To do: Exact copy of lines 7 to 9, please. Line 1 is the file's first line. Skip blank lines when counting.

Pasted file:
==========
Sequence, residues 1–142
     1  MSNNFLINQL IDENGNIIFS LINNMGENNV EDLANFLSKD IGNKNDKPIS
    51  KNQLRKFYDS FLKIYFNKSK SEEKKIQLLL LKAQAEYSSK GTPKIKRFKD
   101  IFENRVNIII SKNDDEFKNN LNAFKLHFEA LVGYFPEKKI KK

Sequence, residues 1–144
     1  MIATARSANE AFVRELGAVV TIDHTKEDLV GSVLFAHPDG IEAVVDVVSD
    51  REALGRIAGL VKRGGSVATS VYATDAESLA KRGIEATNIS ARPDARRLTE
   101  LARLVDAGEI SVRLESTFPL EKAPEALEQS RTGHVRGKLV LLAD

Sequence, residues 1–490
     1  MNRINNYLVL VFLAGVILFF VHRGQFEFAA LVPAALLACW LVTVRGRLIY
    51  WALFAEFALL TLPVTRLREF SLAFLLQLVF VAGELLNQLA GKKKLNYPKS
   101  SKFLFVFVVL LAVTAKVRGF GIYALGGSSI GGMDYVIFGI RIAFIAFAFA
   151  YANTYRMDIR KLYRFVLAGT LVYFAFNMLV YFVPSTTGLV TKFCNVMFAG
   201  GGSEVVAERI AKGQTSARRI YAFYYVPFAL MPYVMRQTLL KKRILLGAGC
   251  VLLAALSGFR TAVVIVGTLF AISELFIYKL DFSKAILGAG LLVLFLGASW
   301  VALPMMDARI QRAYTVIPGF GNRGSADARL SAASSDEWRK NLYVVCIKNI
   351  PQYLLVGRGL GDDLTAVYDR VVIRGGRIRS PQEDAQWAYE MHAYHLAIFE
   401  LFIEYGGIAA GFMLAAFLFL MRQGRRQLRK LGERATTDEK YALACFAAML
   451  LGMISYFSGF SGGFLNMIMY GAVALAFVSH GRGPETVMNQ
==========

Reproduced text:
    51  REALGRIAGL VKRGGSVATS VYATDAESLA KRGIEATNIS ARPDARRLTE
   101  LARLVDAGEI SVRLESTFPL EKAPEALEQS RTGHVRGKLV LLAD

Sequence, residues 1–490